Doubts are rising about the so-called “world’s largest emerald,” with the gemologist who examined it saying he can’t guarantee the stone is 100 percent emerald.
“I’m positive it contains emerald but I’m not sure how much of it is emerald,” says Jeff Nechka, owner of Calvary-based Premier Gems, the gemologist who appraised the stone, adding that he can’t confirm that the stone is in fact the “world’s largest emerald.”
He says the stone has been dyed so it’s possible that at least part of it could be dyed white beryl.
“It has been dyed to some extent but it’s impossible to tell the intensity of the stone prior,” he says. “It’s impossible to know how much of it is emerald.”
Shane McClure, director of GIA’s West Coast Identification Service, who cautions he hasn’t looked at the stone, says that, if there is any white beryl in the stone, GIA would likely term it “beryl with zones of emerald.”
But the presence of dye brings up further doubts.
“We probably would not call it emerald no matter what,” he says. “They seem to think there is indication of natural green coloration but we wouldn’t call it emerald in any case.”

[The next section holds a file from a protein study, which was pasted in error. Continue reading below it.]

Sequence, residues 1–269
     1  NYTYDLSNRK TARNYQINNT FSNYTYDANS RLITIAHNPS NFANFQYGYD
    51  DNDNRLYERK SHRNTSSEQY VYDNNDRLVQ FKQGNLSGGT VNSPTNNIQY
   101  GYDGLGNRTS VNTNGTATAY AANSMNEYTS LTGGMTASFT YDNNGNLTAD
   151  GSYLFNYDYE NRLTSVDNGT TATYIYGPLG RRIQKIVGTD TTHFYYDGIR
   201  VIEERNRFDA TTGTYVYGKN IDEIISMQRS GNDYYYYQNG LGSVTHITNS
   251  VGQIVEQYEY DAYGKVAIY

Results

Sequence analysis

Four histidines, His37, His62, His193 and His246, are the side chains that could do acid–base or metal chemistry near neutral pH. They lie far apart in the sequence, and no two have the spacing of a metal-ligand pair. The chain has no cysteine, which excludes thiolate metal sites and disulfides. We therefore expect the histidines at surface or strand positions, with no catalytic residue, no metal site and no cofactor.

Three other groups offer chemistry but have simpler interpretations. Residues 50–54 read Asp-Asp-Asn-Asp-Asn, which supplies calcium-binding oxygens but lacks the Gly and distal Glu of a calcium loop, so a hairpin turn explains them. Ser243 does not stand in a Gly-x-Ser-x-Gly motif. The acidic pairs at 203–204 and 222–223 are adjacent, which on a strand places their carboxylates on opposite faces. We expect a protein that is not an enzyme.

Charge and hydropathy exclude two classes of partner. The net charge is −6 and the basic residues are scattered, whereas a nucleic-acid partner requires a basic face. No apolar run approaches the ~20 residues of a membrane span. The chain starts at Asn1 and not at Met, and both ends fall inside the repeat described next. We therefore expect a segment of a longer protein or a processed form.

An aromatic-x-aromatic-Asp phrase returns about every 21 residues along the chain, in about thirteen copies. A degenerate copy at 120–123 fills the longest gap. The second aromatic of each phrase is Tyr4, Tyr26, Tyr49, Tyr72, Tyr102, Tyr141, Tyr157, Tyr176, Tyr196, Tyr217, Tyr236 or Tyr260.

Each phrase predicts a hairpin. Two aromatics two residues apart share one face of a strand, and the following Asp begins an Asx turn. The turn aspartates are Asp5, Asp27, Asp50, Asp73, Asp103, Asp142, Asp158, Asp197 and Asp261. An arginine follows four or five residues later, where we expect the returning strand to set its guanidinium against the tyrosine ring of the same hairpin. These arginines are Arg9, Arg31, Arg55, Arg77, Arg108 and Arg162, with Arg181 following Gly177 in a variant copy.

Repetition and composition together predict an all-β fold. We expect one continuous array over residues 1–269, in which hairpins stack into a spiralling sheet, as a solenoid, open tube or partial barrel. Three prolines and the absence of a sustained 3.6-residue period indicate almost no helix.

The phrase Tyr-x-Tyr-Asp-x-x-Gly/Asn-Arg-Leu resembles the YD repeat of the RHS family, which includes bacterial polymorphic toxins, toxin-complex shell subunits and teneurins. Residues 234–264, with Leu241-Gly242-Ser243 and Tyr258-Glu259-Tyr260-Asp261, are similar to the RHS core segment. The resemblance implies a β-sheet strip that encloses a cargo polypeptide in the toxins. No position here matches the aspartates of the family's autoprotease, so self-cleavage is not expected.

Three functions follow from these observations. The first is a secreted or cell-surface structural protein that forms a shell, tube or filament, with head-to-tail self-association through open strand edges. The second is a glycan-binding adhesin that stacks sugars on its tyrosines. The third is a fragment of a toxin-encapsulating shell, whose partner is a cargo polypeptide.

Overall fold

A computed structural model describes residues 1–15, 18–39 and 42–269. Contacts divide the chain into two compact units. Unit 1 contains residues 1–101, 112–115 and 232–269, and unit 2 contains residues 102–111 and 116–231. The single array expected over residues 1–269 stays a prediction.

Regardless, Nechka notes that he feels the stone, valued at $1.15 million, has been priced accordingly.
“If it was solid, untreated emerald, you would be looking at 10 or 20 times the value for sure,” he says.
Gemologist Gary Roskin, publisher of the Roskin Gem News Report, agrees that “any enhancement by dye certainly lessens its value when compared to one that is naturally colored by Mother Nature.”
Regan Reaney, the Calgary gem wholesaler who is selling the stone, says that anyone who questions the stone is welcome to examine it.
“This is 100 percent what we say it is,” he says. “We know there is emerald throughout it, we don’t know how much. We know it’s not a total white beryl, but it has some white beryl in it. it’s not gem quality, and we know it’s commercial grade. But the size of it is what makes it special.”
He says if the stone does not sell, he will send it to the GIA lab.